War widows join forces to take on army bureaucracy

Click to follow
The Independent Online

A new generation of young women widowed by the war in Iraq will join those who lost their husbands in earlier conflicts at the traditional Saturday dedication ceremony at the Cenotaph in London.

A new generation of young women widowed by the war in Iraq will join those who lost their husbands in earlier conflicts at the traditional Saturday dedication ceremony at the Cenotaph in London.

They will represent a young war widows' group, the Army Widows' Association, established to help the growing number of British women being confronted with the consequences of death in a war zone - including dealing with bereaved children and the trauma that comes with watching the conflict on television. This new group aims to help widows through the post-death investigations conducted by PS4, the Ministry of Defence's (MoD) Casualty Cell, and Boards of Inquiry.

One of the founders is Samantha Roberts, the widow of the tank commander Steven Roberts, 33, who was the first British soldier to be killed in the conflict. Sgt Roberts' death in March 2003 precipitated a long struggle with the MoD for Mrs Roberts, who knew her husband had been ordered to give up his flak jacket but found the Defence Secretary, Geoff Hoon, unwilling to admit it.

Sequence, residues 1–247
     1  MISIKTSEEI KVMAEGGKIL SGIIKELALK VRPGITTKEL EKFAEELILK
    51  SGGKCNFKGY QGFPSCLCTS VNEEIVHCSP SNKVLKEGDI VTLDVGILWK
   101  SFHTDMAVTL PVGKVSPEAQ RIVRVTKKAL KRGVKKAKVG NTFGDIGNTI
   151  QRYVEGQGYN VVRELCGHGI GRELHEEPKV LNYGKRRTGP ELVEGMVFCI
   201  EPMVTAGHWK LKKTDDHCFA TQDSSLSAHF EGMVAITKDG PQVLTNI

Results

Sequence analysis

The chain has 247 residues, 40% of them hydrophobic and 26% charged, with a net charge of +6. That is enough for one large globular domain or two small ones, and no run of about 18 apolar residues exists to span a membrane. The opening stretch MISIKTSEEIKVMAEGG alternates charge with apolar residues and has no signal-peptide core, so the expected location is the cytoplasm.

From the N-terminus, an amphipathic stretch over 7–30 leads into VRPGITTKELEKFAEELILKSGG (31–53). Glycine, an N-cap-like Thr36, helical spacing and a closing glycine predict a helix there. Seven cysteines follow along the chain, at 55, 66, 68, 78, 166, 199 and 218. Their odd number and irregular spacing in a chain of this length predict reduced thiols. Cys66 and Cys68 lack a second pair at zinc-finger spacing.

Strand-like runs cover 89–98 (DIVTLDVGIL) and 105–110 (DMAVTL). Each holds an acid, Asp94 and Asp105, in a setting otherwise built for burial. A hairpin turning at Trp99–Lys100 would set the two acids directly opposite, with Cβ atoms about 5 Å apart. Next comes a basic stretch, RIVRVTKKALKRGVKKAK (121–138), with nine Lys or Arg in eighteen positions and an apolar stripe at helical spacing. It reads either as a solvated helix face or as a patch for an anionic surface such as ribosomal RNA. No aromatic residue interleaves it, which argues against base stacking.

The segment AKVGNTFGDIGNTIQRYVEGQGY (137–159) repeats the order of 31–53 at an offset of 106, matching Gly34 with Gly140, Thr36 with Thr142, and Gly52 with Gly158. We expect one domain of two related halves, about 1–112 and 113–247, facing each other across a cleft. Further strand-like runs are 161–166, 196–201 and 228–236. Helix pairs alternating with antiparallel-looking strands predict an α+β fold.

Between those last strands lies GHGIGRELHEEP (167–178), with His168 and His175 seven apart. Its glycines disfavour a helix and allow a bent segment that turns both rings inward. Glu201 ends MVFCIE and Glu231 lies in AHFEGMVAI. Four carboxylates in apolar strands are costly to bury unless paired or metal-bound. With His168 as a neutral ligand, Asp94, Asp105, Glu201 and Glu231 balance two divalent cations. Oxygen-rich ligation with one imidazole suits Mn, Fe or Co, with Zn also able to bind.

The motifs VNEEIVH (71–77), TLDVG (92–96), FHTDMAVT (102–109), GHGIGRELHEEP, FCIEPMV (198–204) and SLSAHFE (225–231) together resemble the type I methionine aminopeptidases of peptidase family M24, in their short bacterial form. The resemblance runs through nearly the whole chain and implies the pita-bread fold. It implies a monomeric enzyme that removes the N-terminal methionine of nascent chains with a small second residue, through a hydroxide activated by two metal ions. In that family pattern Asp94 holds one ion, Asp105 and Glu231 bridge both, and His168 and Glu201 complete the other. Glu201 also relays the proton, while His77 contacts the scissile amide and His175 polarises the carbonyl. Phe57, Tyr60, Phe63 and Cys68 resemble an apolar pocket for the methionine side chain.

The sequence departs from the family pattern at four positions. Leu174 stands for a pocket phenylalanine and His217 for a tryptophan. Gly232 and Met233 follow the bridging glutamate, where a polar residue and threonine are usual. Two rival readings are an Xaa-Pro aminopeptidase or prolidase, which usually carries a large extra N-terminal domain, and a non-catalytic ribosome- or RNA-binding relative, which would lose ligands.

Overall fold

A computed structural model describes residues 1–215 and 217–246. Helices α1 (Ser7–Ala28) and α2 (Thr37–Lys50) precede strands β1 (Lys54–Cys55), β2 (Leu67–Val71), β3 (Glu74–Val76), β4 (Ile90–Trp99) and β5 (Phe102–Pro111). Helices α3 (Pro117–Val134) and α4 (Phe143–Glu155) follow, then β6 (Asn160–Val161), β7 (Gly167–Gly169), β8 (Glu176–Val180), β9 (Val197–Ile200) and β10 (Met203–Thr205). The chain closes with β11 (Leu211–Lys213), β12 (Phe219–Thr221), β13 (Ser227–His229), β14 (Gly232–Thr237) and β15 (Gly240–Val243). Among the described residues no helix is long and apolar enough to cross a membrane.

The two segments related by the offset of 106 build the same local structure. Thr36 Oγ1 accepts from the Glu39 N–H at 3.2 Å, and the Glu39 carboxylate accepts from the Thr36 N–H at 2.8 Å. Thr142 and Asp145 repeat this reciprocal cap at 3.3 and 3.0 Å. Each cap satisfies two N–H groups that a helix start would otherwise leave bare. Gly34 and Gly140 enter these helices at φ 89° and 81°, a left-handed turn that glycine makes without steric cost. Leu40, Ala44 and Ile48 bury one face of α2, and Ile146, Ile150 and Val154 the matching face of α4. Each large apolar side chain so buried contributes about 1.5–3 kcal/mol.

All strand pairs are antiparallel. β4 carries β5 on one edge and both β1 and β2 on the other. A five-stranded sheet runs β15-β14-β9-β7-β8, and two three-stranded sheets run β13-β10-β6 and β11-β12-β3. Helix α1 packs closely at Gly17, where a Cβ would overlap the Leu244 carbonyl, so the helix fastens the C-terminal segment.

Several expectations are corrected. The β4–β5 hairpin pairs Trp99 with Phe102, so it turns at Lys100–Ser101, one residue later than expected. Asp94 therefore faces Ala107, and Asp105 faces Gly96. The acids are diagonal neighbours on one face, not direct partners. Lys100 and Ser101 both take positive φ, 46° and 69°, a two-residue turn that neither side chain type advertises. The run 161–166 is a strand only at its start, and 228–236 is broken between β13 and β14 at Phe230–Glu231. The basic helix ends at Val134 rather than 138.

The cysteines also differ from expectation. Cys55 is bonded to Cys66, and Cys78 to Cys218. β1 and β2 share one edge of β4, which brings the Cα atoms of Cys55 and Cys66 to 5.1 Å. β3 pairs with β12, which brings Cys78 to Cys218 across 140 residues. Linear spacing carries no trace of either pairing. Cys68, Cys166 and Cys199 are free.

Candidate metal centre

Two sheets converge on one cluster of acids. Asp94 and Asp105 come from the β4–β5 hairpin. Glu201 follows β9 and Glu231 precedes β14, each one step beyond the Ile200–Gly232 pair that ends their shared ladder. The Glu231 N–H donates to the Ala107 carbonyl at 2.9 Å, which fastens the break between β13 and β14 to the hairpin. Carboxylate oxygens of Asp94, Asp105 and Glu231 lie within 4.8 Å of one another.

She is still mourning her husband. Pictures of Sgt Roberts dominate her home in Shipley, West Yorkshire.

Mrs Roberts had to endure a lot during the week of Sgt Roberts' funeral in Wadebridge, Cornwall, where he was from. It was there that she was handed a Jiffy bag containing many of his personal possessions, including his wedding ring, army flashes and taped messages he had recorded for her the evening before his death.

It took her two days to summon the courage to play the tapes, but it was these tapes that revealed the equipment inadequacies that had caused her husband's death. This evidence was later rejected by the Defence Secretary, plunging her into a struggle for information in which she says Mr Hoon left her feeling "like a silly, badgering woman".

Mrs Roberts' experiences are not unique. Lianne Seymour, the widow of the Royal Marine Ian Seymour, was still waiting for information about her husband's death in Iraq a year after the helicopter crash that killed him. She wrote to Tony Blair in search of answers. "I have to justify to my four-year-old why Ian was there in the first place," said Mrs Seymour.

When Mrs Roberts met five other young widows at a Army Widows' Association meeting in London, she discovered the problems she was experiencing were common. "There had been so many cock-ups, even among the five. There was also a real sense when Steve died that there was nobody else in my position. There's a war going on - it's on TV and in the newspapers, but you are totally and utterly alone," she said.

The association, for widows of men who have died in active service since the Falklands conflict, aims to prevent other women facing the same bureaucratic struggle for information. It also helps with issues such as how to deal with the return of remains, bereavement counselling and pensions. The War Widows' Association continues to operate alongside this new group.

Comments